Bikers go pink for charity cancer ride
‘‘You're fighting something that is very real, but that you don't fully understand what your body is going through.’’
Two-time cancer survivor Lea Lavery hopped on a motorbike for the first time in nearly a year on Sunday, after what she described as ‘‘a tough ride’’.
She and her partner Chris Riddelrode in the annual Wellington Pink Ribbon Ride from Petone to Raumati Beach, organised by the Women’s International Motorcycle Association’s to raise awareness and funds for the Breast Cancer Foundation.
Riding their custom 1987 Harley-Davidson Sportster, they joined a convoy of about 250 ‘‘pinked out’’ motorbikes, ranging from 50cc scooters to 2000cc cruisers.
Lavery first overcame the disease nearly 25 years ago after being diagnosed with cervical cancer.
Then, in late 2012, she was diagnosed with breast cancer. She endured a mastectomy, nine months of chemotherapy and daily radiotherapy, followed by a breast reconstruction.
However, it was not cancer but two brain bleeds last January that kept her off the bike for nearly a year.
It was a ‘‘tough ride’’, she said. ‘‘You’re fighting something that is very real, but that you don’t fully understand what your body is going through. Your emotions are all over the place.’’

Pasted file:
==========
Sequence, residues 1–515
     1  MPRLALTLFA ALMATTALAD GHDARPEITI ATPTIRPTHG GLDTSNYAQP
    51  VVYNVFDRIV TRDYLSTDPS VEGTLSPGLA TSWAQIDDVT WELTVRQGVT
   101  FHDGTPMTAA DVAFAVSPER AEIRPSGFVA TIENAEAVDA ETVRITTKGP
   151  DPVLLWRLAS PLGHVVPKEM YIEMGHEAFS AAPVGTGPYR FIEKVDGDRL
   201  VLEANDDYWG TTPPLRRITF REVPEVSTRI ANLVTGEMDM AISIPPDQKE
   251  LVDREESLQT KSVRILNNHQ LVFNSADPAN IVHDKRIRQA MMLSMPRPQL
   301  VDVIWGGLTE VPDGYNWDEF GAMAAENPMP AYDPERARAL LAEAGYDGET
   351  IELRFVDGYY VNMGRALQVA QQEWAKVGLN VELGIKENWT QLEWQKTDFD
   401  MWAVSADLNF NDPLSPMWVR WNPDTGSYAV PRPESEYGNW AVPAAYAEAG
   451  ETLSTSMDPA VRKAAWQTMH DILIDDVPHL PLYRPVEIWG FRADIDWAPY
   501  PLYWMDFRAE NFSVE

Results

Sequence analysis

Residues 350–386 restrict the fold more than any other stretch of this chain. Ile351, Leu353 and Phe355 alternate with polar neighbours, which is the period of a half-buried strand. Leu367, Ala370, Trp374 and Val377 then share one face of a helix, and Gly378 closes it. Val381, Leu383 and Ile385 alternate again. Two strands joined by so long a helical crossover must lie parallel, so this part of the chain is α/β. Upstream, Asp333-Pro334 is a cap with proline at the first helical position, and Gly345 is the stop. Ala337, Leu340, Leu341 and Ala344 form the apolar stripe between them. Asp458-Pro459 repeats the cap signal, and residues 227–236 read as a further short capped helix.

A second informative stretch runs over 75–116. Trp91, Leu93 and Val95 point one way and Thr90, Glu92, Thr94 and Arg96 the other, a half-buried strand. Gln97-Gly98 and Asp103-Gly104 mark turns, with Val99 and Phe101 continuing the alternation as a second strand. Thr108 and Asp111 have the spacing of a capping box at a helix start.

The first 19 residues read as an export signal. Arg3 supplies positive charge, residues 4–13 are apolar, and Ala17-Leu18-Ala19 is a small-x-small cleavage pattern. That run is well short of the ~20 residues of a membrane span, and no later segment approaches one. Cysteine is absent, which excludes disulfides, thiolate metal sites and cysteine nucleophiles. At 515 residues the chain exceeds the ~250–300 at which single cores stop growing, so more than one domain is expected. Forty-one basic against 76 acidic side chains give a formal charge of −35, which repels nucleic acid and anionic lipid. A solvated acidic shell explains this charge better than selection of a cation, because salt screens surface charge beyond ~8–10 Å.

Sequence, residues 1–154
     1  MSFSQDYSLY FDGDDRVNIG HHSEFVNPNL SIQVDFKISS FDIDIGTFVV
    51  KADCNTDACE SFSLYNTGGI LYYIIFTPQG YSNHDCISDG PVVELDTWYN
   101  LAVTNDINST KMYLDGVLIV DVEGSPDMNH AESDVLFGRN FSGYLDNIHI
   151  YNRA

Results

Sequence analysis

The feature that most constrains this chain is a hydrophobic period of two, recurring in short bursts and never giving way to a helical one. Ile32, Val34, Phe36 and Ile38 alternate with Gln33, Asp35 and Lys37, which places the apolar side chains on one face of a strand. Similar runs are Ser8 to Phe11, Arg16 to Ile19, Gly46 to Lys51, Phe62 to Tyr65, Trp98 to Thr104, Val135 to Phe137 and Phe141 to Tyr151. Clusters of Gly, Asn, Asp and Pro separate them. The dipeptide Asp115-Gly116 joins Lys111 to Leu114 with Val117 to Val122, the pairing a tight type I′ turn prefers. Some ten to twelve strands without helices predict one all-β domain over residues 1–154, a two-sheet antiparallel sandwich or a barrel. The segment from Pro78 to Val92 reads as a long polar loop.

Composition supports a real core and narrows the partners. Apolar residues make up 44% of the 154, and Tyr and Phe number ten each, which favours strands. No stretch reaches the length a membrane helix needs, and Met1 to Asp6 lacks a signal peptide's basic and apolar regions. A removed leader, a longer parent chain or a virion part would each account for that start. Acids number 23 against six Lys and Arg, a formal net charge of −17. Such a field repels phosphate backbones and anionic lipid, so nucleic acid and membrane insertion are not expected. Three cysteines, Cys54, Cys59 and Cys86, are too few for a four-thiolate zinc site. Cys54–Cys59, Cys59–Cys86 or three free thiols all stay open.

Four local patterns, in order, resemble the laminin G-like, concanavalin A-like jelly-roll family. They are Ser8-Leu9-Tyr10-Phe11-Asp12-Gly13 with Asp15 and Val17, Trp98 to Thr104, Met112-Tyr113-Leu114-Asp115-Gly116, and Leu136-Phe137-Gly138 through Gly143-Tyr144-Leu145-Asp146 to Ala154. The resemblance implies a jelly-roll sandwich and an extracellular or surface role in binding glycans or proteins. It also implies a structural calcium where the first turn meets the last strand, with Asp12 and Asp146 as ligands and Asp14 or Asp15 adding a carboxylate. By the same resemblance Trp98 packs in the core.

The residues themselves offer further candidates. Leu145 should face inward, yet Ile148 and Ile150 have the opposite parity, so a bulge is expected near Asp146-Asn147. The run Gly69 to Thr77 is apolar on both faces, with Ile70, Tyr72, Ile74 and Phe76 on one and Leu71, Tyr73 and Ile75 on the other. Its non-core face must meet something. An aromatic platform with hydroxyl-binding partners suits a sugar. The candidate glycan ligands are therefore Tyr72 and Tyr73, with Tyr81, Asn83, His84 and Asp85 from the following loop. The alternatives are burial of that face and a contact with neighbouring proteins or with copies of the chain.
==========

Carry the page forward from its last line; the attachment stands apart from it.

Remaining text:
Cancer-free now for nearly four years, she said she was certainly looking forward to the fiveyear milestone late next year, at which time a ‘‘big party’’ would be held, with numbers buoyed by fel- low members of the Paraparaumu-based Twin Cam Motorcycles Social Club.
Sunday’s event was the 14th anniversary of the Wellington Pink Ribbon Ride, with the num- ber of participating bikes growing from just 20 to about 300 in recent years.
Co-ordinating team member Viv Green said Sunday morning’s wet weather would probably have kept away some, but there was still an ‘‘amazing display of camaraderie and support’’.
‘‘People come from all around the region, often because of their own connection to this disease.’’
Since the inaugural ride in 2004, Women’s International Motorcycle Association (WIMA) had raised more than $100,000 for Breast Cancer Foundation NZ through its Auckland and Wellington events.
Sunday’s Wellington riders raised just over $4000 on the day.
Foundation chief executive Evangelia Henderson said it was one of her favourite events.
‘‘It always creates such an amazing atmosphere that brings together women, men and families. We so appreciate the money and awareness WIMA raises for us each year.’’
Cancer survivor Lea Lavery rode pillion with partner Chris Riddel during the Pink Ribbon Ride. Lea Lavery